Palestine: Land of Olives and Vines – Cultural Landscape of Southern Jerusalem, Battir

Palestine: Land of Olives and Vines – Cultural Landscape of Southern Jerusalem, Battir

From the World Heritage inscription:

Battir is a major Palestinian cultural landscape, the adaptation of a deep valley system for agricultural purposes as a result of a good supply of water. The complex irrigation system of this water supply has led to the creation of dry walls terraces which may have been exploited since antiquity. The agricultural terraces, exploiting this irrigation system, were the basis for a strong presence of agriculture through the cultivation of olives and vegetables. The area still today has the same use.

The water distribution system used by the families of Battir is a testament to an ancient egalitarian distribution system that delivers water to the terraced agricultural land based on a simple mathematical calculation and a clear time-managed rotation scheme.

The village of Battir is not far from Jerusalem and is right on the Israel/Palestine border. In fact, there are Israeli train tracks which go right past the terraces at the bottom of the hill.

I could not find any organized tours to Battir, which was a shame. Nearby Bethlehem gets most of the attention in the region. That being said, it wasn’t that hard to get to Battir from Bethlehem. I had my tour guide in Bethlehem call a taxi for me which took me to there. It took about 15 minutes and cost about $10.

Battir is a fairly new world heritage site and as such the tourism infrastructure isn’t well developed. There are a few souvenir shops and cafes, but that’s about it.

The terraces are easily accessible if you are on the main street of the village. Expect to spend 30-60 minutes walking around the area. This site is probably going to be of interest to world heritage enthusiasts more than anyone else. Nonetheless, I think anyone visiting Jerusalem would be well off to come and visit a small Palestinian village, which Battir fits perfectly.

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Birthplace of Jesus: Church of the Nativity and the Pilgrimage Route, Bethlehem

Birthplace of Jesus: Church of the Nativity and the Pilgrimage Route, Bethlehem

Overview

Birthplace of Jesus: Church of the Nativity and the Pilgrimage Route, Bethlehem

From the World Heritage inscription:

Bethlehem lies 10 kilometers south of the city of Jerusalem, in the fertile limestone hill country of the Holy Land. Since at least the 2nd century AD people have believed that the place where the Church of the Nativity, Bethlehem, now stands is where Jesus was born. One particular cave, over which the first Church was built, is traditionally believed to be the Birthplace itself. In locating the Nativity, the place both marks the beginnings of Christianity and is one of the holiest spots in Christendom. The original basilica church of 339 AD (St Helena), parts of which survive below ground, was arranged so that its octagonal eastern end surrounded, and provided a view of, the cave. This church is overlaid by the present Church of the Nativity, essentially of the mid-6th century AD (Justinian), though with later alterations. It is the oldest Christian church in daily use. Since early medieval times, the Church has been increasingly incorporated into a complex of other ecclesiastical buildings, mainly monastic. As a result, today it is embedded in an extraordinary architectural ensemble, overseen by members of the Greek Orthodox Church, the Custody of the Holy Land and the Armenian Church, under the provisions of the Status Quo of the Holy Places established by the Treaty of Berlin (1878).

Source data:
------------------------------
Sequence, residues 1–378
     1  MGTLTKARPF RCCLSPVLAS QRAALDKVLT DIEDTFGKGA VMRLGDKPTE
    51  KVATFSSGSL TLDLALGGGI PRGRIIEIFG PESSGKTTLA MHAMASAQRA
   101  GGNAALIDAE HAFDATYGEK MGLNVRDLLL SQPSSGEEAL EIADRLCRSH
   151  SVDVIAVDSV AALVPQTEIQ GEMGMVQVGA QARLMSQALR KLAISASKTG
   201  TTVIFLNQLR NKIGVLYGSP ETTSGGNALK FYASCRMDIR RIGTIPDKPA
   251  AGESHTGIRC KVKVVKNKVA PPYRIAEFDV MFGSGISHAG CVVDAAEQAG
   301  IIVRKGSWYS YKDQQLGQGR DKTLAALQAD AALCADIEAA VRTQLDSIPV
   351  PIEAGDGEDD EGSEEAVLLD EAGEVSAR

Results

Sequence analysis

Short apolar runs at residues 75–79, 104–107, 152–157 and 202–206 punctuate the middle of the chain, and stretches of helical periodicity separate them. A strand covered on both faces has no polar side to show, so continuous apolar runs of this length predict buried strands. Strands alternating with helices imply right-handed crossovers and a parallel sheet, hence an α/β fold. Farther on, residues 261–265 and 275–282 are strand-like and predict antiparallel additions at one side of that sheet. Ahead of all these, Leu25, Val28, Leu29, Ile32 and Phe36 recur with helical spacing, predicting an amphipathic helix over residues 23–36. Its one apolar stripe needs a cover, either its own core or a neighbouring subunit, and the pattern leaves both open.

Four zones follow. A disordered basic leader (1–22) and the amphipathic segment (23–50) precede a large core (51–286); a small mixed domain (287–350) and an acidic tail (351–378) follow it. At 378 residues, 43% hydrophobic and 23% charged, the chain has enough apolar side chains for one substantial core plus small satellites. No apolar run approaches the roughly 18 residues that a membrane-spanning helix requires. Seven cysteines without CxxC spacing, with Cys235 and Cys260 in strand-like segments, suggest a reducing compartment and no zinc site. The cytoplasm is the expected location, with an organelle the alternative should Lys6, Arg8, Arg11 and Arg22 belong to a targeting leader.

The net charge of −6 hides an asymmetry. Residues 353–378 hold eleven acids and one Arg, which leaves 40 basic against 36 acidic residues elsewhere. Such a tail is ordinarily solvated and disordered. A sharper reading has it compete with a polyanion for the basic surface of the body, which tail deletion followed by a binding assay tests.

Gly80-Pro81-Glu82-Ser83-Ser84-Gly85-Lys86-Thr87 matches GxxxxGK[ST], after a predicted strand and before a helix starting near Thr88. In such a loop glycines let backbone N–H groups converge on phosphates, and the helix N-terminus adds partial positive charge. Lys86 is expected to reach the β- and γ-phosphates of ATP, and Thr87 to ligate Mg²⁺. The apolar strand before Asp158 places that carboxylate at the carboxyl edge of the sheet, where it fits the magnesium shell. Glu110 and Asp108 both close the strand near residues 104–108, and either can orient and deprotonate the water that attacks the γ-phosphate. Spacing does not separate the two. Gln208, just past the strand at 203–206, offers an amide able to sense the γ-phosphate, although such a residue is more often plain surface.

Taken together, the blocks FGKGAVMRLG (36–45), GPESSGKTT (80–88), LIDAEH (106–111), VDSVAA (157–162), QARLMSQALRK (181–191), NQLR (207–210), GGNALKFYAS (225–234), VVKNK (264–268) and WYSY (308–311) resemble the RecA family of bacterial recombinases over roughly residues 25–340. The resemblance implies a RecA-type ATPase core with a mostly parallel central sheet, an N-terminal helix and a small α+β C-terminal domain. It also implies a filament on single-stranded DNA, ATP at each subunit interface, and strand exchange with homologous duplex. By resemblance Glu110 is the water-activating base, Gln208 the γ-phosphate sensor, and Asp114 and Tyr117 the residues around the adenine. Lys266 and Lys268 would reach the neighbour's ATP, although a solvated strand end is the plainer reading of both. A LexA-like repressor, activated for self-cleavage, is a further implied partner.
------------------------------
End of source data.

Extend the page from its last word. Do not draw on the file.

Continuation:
During various periods over the past 1700 years, Bethlehem and the Church of the Nativity have been, and still are, a pilgrim destination. The eastern end of the traditional route from Jerusalem to the Church, known as the Pilgrimage route, marks the road that connects the traditional entrance of Bethlehem, near King David’s Wells with the Church of the Nativity, and extends along the Star Street through the Damascus Gate, or Qos Al-Zarara, the historical gate of the town, towards the Manger Square. The Route continues to be celebrated as the path followed by Joseph and Mary during their trip in Bethlehem during Christmas ceremonies each year and is followed ceremonially by Patriarchs of the three churches at their several Christmases, and during their official visits to Bethlehem.

The Birthplace of Jesus: Church of the Nativity and the Pilgrimage Route, Bethlehem is a cultural UNESCO World Heritage Site in Palestine. It was inscribed by UNESCO in 2012 as a religious/Christian structure. However, it was also added to the list of UNESCO World Heritage Sites in Danger in that same year due to the damage incurred at the property due to water leaks.

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